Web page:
The final shortlist for the UK's biggest painting competition, the John Moores Contemporary Painting Prize, is announced today.
Almost 3,000 entrants submitted work in the hope of being one of the 45 shortlisted artists and in with a chance of winning the first prize of £25,000. All 45 are included in the exhibition, known for spotting rising talent.
On display at the Walker Art Gallery from 18 September 2010 to 3 January 2011, the exhibition forms a key part of the Liverpool Biennial and looks set to once again set the standard for contemporary painting.
For the first time in the history of the competition the announcement of the winner and runner-up prizewinners will be broadcast live on the internet on Thursday 16 September 2010 at: www.liverpoolmuseums.org.uk/johnmooreslive
The John Moores Contemporary Painting Prize has a reputation for defining the shifts and trends in one of the most enduring mediums of all, paint. Now, in its 53rd year the competition boasts a roll call of esteemed winners, including David Hockney and Richard Hamilton, who went on to find fame and acclaim after winning the prize, and Peter Doig, who described winning the John Moores in 1993 as a pivotal moment in his career.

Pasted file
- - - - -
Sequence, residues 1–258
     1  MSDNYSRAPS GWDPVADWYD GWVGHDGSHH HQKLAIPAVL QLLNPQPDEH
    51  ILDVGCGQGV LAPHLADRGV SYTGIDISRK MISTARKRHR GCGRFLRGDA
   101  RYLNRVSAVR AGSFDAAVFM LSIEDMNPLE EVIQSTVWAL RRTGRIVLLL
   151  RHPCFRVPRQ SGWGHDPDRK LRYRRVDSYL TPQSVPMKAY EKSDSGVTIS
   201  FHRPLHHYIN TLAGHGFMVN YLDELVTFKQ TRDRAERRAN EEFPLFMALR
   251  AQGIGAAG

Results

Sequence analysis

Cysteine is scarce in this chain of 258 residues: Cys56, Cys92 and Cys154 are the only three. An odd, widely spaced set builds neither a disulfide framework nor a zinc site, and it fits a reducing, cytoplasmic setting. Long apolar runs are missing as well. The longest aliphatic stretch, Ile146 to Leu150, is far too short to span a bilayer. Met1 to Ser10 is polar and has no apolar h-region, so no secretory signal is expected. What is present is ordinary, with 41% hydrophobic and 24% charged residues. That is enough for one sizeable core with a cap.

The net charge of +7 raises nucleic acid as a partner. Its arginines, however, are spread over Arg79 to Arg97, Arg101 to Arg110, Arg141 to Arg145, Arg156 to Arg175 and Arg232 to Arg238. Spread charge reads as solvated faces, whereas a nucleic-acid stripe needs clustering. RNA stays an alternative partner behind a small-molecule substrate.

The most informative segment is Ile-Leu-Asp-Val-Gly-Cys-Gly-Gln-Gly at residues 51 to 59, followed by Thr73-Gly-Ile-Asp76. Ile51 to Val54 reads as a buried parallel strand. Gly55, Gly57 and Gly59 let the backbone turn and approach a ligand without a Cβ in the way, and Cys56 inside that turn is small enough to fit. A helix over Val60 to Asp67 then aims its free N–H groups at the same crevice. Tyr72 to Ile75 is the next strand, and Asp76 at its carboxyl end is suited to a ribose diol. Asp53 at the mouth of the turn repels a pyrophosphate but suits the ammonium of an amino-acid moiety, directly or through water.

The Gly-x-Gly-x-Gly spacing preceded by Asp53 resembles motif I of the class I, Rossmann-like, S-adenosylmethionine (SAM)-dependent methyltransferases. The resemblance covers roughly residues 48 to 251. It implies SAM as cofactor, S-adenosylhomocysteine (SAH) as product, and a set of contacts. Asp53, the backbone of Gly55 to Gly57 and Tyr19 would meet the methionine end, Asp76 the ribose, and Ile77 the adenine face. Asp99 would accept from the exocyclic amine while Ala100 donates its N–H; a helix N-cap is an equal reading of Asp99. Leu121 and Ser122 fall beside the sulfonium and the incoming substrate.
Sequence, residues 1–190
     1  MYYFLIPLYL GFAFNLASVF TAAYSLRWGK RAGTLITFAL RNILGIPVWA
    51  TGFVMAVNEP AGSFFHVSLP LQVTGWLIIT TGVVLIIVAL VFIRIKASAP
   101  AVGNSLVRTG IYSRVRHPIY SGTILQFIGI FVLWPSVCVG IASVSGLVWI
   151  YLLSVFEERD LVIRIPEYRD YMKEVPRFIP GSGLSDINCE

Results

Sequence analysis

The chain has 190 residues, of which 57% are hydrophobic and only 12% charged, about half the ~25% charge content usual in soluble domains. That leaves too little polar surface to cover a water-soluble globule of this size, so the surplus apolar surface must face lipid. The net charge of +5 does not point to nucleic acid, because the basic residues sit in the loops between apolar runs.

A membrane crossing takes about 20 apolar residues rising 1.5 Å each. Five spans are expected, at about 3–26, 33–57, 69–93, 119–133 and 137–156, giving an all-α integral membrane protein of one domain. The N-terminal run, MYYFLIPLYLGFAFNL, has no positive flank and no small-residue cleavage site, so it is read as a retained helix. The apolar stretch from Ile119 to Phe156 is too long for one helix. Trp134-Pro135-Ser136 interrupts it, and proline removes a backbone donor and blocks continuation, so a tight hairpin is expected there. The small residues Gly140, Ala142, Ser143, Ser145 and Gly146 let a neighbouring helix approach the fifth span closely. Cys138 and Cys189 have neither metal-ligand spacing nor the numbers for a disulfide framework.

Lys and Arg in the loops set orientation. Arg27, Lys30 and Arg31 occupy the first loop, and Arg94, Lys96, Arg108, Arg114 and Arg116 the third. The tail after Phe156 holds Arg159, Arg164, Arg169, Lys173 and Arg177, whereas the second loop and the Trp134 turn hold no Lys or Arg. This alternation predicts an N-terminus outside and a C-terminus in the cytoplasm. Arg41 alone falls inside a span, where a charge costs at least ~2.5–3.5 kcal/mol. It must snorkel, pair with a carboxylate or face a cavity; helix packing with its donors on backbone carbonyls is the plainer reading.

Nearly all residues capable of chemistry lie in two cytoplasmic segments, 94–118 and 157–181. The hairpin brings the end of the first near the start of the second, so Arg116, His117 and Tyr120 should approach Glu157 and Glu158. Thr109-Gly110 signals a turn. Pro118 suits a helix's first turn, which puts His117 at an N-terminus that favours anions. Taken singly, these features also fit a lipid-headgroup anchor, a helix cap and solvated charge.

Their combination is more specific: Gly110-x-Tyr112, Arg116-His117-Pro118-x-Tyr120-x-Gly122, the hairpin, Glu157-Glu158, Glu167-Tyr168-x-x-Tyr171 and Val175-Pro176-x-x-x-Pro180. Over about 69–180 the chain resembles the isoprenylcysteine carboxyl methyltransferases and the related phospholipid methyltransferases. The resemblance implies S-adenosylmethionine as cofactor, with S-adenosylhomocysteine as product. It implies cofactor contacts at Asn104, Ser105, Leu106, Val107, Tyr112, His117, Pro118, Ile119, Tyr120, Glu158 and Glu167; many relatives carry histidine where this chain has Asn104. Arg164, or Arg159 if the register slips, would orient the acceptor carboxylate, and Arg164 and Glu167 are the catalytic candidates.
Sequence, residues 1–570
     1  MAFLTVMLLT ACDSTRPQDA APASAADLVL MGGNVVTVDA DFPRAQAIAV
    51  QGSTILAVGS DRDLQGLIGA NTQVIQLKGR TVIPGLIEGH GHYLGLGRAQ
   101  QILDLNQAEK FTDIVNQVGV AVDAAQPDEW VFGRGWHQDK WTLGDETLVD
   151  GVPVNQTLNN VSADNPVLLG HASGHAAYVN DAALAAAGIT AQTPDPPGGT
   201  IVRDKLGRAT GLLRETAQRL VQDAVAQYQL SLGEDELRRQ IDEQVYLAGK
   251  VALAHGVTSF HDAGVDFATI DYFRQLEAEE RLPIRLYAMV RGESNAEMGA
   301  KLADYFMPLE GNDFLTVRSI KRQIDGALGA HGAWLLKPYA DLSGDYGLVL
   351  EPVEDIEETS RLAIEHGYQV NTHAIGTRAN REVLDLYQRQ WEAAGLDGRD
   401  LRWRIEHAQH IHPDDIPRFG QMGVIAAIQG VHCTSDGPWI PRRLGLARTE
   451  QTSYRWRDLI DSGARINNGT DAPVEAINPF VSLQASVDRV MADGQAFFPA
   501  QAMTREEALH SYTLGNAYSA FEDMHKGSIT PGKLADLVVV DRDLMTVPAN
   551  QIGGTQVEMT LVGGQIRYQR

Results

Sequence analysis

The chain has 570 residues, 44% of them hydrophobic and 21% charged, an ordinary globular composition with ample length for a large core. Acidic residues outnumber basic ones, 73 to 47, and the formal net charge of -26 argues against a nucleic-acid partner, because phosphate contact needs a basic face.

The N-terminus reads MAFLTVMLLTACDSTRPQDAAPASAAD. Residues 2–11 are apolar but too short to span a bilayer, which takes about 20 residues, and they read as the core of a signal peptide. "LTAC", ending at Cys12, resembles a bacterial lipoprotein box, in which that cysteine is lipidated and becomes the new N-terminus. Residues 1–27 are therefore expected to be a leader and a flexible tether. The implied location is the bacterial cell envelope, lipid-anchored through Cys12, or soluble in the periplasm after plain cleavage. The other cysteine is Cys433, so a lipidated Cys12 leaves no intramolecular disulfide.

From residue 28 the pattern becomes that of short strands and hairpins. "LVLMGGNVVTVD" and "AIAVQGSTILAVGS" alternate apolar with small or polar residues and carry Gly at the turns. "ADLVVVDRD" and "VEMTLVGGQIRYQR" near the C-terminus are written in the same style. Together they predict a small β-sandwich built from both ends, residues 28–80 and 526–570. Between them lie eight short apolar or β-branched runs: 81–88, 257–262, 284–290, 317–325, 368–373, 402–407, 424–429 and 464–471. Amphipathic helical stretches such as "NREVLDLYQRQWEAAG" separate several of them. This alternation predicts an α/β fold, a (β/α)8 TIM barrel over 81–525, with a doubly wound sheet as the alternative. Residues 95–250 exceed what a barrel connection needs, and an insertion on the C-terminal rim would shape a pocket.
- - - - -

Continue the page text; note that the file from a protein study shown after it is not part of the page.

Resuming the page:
Turner Prize nominated artist (1996) and former John Moores Prize prizewinner (1997) Gary Hume describes the judging process: It was an incredibly difficult process that went from order to chaos and back again. We certainly have an interesting combination of winners that have technique alongside political and aesthetic ideas, all with a marked difference but equal resolved passion.
Turner Prize nominated contemporary artist (2008), Goshka Macuga reveals more about the judging: As a non-painter it has been an interesting process and an amazing experience. Selecting paintings with actual painters was a little intimidating but the arguing was the most exciting part, when you could get emotionally involved. We are satisfied that we have chosen works we really believe in. The selection represents how we have come together momentarily to agree, with consideration of our differences.
Sir Norman Rosenthal, exhibitions secretary for the Royal Academy for 30 years says: Its a wonderful priviledge to have worked with Gary, Goshka, Ged and Alison and we found amazing consensus. There are many artists in the UK making interesting work, we have worked together to extract those we felt were the most relevant. I think we have found some very good artists for the exhibition.
Liverpool-born artist and John Moores prizewinner (2008) Ged Quinn adds: I'm really happy to be part of the team which has put together an exhibition of interesting and diverse works. I hope there'll be a few surprises.
Scottish painter Alison Watt, shortlisted for the Jerwood Painting Prize (2003) and awarded an OBE (2008) gives an enticing hint of what to expect from the selection: The prizewinners in some ways defy description. The choice we have made is like that of an eclectic collector
Being a painter says something about what it's like to be in the world.